7 Tips for Capturing Beautiful Nature Photography

Even the most high-end digital camera is, to some degree, only as good as the person taking the photos. While high end cameras can do some things to help you get great photos, getting consistently great photos generally takes a lot of skill and practice. That doesn’t mean there aren’t some tips and tricks that can also help you on your way to getting great photos every time. If you have a passion for the beauty and splendor of nature, here are 7 tips for capturing beautiful nature photography

1. Use Lens Accessories for Delicate Details 

One of the most beautiful aspects of nature is often the stunning detail, such as brilliant red veins running through a crisp green leaf or the morning dew glistening on a delicate spider web. If you want to capture all of the tiniest, richest details that nature has to offer, use an accessory lens to help you get microscopic closeups. Accessory lenses are even available for most smartphones these days. 

2. Play with Light 

In photography, roughly the hour right after sunrise and just before sunset are often referred to as “golden hours.” During this time, you get a soft, glowy light that can add beautiful richness to your photos. Even when the sun is high, however, you can get some interested effects as long as you don’t shoot directly into the sun. 

3. Play with Shadows 

The best photos have something often referred to as “texture.” This is generally the interplay between light and dark or light and shadow. You can create shadows with a simple umbrella or direct soft light with a large sheet of white foam board, sometimes called a bounce card

4. Use Burst Mode 

When you are shooting animals, bugs or anything that moves, they can sometimes do the unexpected. You can capture unexpected movement by using burst mode. Burst mode works almost like a video camera but will shoot dozens of photos in a single second. You might be surprised by a spectacular photo of a butterfly taking flight or even an unexpected hummingbird landing on the flower you were shooting.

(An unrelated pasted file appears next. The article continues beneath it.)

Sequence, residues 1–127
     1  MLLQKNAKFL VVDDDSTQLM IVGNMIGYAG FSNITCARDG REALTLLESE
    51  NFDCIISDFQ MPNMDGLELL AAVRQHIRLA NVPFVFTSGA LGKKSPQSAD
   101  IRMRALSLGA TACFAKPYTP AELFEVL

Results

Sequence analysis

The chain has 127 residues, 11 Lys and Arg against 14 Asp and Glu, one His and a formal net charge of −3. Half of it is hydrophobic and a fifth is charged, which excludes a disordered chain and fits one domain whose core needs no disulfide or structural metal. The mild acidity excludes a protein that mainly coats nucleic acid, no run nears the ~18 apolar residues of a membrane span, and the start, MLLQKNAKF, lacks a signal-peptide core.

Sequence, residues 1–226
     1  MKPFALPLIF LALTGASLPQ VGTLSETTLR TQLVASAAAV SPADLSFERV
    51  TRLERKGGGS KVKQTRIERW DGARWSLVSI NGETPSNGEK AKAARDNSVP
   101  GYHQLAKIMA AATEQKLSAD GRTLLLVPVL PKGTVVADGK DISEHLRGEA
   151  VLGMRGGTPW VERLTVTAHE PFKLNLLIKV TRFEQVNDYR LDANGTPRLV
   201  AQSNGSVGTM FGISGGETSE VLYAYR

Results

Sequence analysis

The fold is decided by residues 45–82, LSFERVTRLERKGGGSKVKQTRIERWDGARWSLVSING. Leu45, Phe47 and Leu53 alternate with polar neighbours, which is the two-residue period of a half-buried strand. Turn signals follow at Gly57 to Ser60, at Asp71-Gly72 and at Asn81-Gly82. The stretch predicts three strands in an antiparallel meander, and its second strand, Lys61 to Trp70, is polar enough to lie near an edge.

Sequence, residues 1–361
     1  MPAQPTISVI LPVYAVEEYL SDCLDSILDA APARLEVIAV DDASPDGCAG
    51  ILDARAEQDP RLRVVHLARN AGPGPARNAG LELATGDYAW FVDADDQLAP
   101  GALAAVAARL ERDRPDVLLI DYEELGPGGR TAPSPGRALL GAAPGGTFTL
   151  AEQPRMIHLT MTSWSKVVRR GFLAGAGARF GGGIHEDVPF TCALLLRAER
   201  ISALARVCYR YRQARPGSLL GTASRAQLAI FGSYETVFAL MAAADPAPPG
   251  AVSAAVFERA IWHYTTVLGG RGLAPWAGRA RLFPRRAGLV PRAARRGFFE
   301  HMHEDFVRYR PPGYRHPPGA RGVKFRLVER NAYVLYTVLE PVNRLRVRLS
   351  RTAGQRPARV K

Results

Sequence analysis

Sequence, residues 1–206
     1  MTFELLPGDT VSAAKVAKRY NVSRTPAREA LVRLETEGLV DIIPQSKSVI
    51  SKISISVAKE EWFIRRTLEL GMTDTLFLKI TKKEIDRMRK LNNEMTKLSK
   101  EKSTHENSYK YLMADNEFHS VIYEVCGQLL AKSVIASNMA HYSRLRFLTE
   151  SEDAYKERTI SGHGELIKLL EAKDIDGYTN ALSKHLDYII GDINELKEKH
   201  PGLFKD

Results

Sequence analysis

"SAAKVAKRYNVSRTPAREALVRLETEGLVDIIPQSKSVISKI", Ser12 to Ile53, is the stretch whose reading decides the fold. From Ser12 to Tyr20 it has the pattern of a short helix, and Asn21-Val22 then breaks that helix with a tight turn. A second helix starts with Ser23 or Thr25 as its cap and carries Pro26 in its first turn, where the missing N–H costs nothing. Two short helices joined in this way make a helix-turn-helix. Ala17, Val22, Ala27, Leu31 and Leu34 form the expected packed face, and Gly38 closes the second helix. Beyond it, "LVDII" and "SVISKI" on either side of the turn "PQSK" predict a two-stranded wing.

5. Change Perspective 

Most people are used to taking photos by pointing their camera straight at what they want to shoot and centering it in the frame. The most interesting photos, however, often come from getting down on your knees (or using a low tripod) and shooting upwards at your subject or from high above it. Play with taking shots from different angles and perspectives for the most interesting composition. 

6. Play with Framing

Some of the most stunning photos also rarely have the subject right straight in the center. Photography actually operates on something called the “rule of thirds.” Most often, you want your primary subject or the heaviest object in the photo to be in the left or right third of the photo or the top or bottom third, rather than dead center. 

7. Use Photo Editing Software 

Even the most professional photographers will spend hours tweaking, toning and honing their images to perfection. Editing software can help create greater contrast between darks and lights, add rich golden hues or smoky pinks and oranges to sunrises and sunsets or bring out the richest hues in leaves, flowers or other foliage. The best part about today’s editing software is that it is none-destructive. It adds any changes you make in layers, so if you don’t like the change, you can just delete the layer or layers or start all over with your original photo. 

Like everything in life, practice makes perfect. The biggest key to getting stunning nature photos is just to practice, practice, practice. Play with light and perspective and always be trying something new. Over time, you will develop a “feel” for what works and what doesn’t. The best part about digital photography, is that it doesn’t cost you any more to shoot 100 photos than it does 10, so shoot away! Even the most professional photographers will shoot hundreds of photos just to get one breathtaking image. Then they will take that image and spend hours fine tuning it with photo editing software. There’s no reason you can’t shoot like a pro – it just takes time and practice.

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About the author: Wifred Murray

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